Bank of England (BoE) Governor Andrew Bailey has told UK banks to ramp up their preparations for a no-deal Brexit as the UK sticks to its target to strike a deal before the end of the year. Bailey told British lenders to accelerate their planning for a no-deal Brexit scenario in a call to Sky News.
One bank boss said the discussion suggested the BoE has changed its view on the outcome of Brexit trade talks. “It is fundamental to the BoE’s remit that it prepares the UK financial system for all risks that it might face,” a BoE spokesperson said.
“In performing that role, the governor meets the leadership of UK banks on a very regular basis. As we have said previously, the possibility that negotiations between the UK and EU over a future trading relationship might not conclude in a deal is one of a number of outcomes that UK banks need to prepare for over the coming months.”
Prime Minister Boris Johnson has ruled out an extension of the December 2020 deadline to strike a deal despite the pandemic. A request for a one year or two-year extension of the Brexit trade talks deadline must be lodged by the end of this month.
Banks including executives from Barclays, HSBC, Lloyds Banking Group and RBS were on the call with Bailey. These banks already fear billions of pounds of bad debt as a result of the coronavirus crisis, with millions seeking payment holidays on their mortgages and credit cards.
UK and EU negotiators are mid-way through a final round of Brexit trade deal negotiations before the end-of-June deadline. However, there are doubts over whether a breakthrough can be achieved, with negotiators far apart on key issues like fisheries.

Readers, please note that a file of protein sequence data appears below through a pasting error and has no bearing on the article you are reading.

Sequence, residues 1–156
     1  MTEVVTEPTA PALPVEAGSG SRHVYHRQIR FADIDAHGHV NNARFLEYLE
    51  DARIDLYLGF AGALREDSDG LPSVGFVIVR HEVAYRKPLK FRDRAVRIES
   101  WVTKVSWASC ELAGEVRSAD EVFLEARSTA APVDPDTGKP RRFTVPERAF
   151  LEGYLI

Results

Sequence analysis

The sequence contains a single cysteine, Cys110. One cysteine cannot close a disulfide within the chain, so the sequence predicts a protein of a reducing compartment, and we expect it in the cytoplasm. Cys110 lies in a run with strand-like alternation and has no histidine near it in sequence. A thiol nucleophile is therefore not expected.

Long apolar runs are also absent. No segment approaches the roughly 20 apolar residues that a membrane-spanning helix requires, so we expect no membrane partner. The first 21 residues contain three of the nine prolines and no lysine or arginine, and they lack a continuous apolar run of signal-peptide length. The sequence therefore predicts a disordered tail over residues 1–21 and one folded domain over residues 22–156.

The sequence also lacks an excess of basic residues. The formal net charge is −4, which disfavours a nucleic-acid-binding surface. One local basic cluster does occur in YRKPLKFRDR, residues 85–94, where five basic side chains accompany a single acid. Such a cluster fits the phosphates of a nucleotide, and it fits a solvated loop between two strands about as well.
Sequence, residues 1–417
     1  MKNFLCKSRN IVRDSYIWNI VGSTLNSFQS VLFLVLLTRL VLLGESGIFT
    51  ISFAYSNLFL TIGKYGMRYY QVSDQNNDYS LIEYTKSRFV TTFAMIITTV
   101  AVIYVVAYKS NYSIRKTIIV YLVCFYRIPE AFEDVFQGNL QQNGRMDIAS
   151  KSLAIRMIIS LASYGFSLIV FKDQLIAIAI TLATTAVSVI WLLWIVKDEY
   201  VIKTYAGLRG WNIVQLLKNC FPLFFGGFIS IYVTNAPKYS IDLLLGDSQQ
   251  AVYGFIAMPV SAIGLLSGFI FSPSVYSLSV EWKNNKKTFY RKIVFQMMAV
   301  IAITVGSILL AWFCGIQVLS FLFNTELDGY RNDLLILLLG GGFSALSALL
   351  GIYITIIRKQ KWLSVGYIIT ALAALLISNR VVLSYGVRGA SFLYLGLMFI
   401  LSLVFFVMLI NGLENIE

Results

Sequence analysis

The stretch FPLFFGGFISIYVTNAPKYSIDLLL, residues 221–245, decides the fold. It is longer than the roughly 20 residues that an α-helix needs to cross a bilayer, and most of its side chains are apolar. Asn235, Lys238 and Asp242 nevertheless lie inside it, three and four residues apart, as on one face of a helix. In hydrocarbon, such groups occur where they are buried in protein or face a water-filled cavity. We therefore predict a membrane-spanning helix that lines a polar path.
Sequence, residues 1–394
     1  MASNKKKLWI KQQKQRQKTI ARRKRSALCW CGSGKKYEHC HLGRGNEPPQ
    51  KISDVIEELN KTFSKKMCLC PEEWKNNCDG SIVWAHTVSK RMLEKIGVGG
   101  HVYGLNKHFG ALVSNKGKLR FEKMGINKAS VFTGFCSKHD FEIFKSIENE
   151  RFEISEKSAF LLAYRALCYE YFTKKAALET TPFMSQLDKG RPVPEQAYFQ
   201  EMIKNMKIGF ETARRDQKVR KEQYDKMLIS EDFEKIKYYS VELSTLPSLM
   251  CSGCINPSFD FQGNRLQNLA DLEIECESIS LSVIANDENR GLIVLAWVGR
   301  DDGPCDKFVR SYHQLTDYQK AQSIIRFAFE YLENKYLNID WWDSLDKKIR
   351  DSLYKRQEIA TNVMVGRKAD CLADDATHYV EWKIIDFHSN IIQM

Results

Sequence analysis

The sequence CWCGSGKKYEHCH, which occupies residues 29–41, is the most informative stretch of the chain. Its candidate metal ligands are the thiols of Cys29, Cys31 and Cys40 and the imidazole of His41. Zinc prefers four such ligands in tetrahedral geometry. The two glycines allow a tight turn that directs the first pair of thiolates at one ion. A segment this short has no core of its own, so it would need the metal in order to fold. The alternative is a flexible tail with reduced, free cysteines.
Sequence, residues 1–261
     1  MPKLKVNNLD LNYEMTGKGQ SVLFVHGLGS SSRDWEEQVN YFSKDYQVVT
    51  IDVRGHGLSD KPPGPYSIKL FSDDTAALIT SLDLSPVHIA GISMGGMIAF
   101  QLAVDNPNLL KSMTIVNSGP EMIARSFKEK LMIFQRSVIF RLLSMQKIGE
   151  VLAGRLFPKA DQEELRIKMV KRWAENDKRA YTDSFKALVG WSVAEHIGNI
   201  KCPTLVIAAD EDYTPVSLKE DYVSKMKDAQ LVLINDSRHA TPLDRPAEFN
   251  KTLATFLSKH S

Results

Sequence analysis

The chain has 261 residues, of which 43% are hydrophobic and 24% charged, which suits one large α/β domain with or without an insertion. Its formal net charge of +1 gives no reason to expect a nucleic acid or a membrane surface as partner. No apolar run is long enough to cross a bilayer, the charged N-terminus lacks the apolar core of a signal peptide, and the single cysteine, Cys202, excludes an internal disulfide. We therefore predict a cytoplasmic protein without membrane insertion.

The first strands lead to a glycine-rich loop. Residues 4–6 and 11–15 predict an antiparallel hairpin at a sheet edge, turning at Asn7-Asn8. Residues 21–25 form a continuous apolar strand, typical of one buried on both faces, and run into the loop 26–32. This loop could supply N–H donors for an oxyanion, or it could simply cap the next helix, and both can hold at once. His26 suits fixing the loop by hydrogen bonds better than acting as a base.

The UK has also criticised the EU’s desire for a set of common standards on concepts like workers’ rights, pointing out other EU trade deals do not contain these stipulations.
A news report that the UK was willing to compromise on these flashpoints sent sterling spiking earlier last week. But the PM’s office quickly denied the report, branding it “wishful thinking”.
“We have always been clear there is no question of splitting the difference on level playing field and fish,” the Prime Minister’s spokesman said. Adding: “We aren’t compromising on these, because our position on these is fundamental to an independent country.”
Johnson is set to meet EU Commission chief Ursula von der Leyen by the end of June to hold talks aimed at thrashing out a Brexit trade deal before the autumn.
Bailey has told MPs that a failure to strike a Brexit trade deal is “likely to make trade more costly or difficult relative to a comprehensive FTA, reducing trade flows and foreign direct investment”. Banks’ share prices rose last week as traders gave the FTSE 100 companies a boost after Italy ended its quarantine amid more easing of European lockdown.
(The writer is our foreign correspondent based in the UK. He can be reached at firstname.lastname@example.org)